Following better than expected manufacturing data, domestically and abroad, Treasuries and Mortgage Backed Securities sold off yesterday, returning all the gains mortgage rates enjoyed from Friday’s rally. The selloff in secondary markets moved the par 30 year fixed mortgage rate back over 5.00% after it reached 4.875% on Friday. Once again, rates fail to remain below 5% for an extended period of time.
We do have some data this morning that will affect the flow of investor money. The U.S. Department of Commerce released the monthly Personal Income and Outlays report. This data set tracks the monthly change in personal income which represents the income that households receive from all sources and personal spending. If income is rising, that is a positive sign of economic growth since consumers will have more money available to spend in the economy. Also, as part of this report we recieve a read on inflation with the Personal Consumption Expenditure (PCE) index. The PCE index is the Federal Reserves’ preferred gauge of inflation, it measures the monthly change in price of a basket of goods and services.
Last month’s report indicated a surge in personal income of 1.4%, this increase was mostly a function of one time payments generated from the Obama’s Administration American Recovery and Reinvestment Act of 2009. Following last month’s surge, personal income was expected to post a decline of 1.1% while consumer spending was expected to increase by 0.3%. Lastly, the PCE index was expected to indicated a 0.2% rise in consumer prices following last month’s 0.1% increase.
Actual data indicated that personal income fell 1.3% while spending increased 0.4%. On a year over year basis, income is down 3.4% and spending is down 2.2%. On the inflation front, the core PCE index came in right on expectations at 0.2%, making the year over year reading of 1.5% well within the Fed’s comfort zone for inflation...providing further evidence that inflation is not an immediate concern. The increase in consumer spending is attributed to a surge in gasoline prices. Today’s report shows that Americans are making less but spending more due to rising commodity prices.
The last piece of economic data today was a read on the real estate sector...the National Association of Realtors’ (NAR) Pending Home sales index. A pending home sale is one in which a contract has been signed but the loan has not closed. With tougher underwriting conditions, a weak labor makretm, and falling home prices (HVCC) many sales are not closing. Since many economists believe that our economy will not recover until housing stabilizes, this report carries more weight than usual.
May's reading came in pretty much unchanged from the prior month, implying that housing was beginning to stabilize. Today's release has indicated that pending home sales for the month of June posted a month over month increase of 3.6%, beating expectations. This was the fifth straight month of improvement, but the first noticeable increase in that time fram. We must remember a pending home sale does not equal an actual closed sale as was pointed out by the NAR President Charles McMillan. Immediately following the release, MBS have given back all of their early morning gains and have fallen lower than the lowest levels seen yesterday as investors have more ammo to support the green shoots economic recovery theory.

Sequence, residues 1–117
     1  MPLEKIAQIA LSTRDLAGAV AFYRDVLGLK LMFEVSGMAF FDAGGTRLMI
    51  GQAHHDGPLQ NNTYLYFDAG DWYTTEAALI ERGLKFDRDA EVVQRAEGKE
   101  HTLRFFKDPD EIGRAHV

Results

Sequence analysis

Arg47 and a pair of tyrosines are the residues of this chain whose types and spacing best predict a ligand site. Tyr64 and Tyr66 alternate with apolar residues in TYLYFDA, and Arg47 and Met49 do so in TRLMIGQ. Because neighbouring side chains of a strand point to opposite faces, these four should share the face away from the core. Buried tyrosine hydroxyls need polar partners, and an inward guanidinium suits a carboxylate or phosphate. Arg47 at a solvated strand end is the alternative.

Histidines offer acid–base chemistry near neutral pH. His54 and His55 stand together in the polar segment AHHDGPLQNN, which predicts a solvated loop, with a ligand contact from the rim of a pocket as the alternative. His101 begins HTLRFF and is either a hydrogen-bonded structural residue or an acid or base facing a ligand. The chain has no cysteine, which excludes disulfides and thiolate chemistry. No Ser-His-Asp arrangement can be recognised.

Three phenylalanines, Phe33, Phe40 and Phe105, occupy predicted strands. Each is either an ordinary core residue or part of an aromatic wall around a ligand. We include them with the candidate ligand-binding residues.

I do receive quite a few good faith estimates from readers asking me to review to make sure they are getting a fair offer. First, GFE’s are 2 to 3 pages in length which contain numbered lines from 100 to 1400. The most important part you want to check to make sure the offer you are getting is competitive is the 800 lines. Third party and origination fees are listed in this section. Here are a few examples of third party fees: appraisal, credit report, tax service, MERs, condo warrants, and flood certifications. Here are a few examples of origination fees: origination fee, discount points, processing fee, underwriting fee, administration fee, broker fee (if you use a broker), and application fee. These are the fees you need to check on to see how competitive your offer is when shopping interest rates. A very typical good faith estimate will show 1 point loan origination, a processing fee of $500 and lender fees of around $900 (this varies from lender to lender and often times are just another name for processing and underwriting fees). If the quote you received does not include these fees than you are being premium priced. This means the lender or broker is building your costs into your rate instead of charging them upfront. This practice is under scrutiny at the moment and may be banned if HR 1728 is passed.
After the better than expected Pending Home Sales Data was released, lenders repriced rate sheets for the worse. Consequently increasing the par 30 year conventional rate mortgage to the 5.125% to 5.375% range for well qualified consumers. In order to secure a par interest rate you must have a FICO credit score of 740 or higher, a loan to value at 80% or less and pay all closing costs including one point loan origination/discount/broker fee. As always, you can elect to pay less in fees but your interest rate will be bumped higher. To remind readers securing a mortgage rate is like buying anything else, the more you pay the better the rate.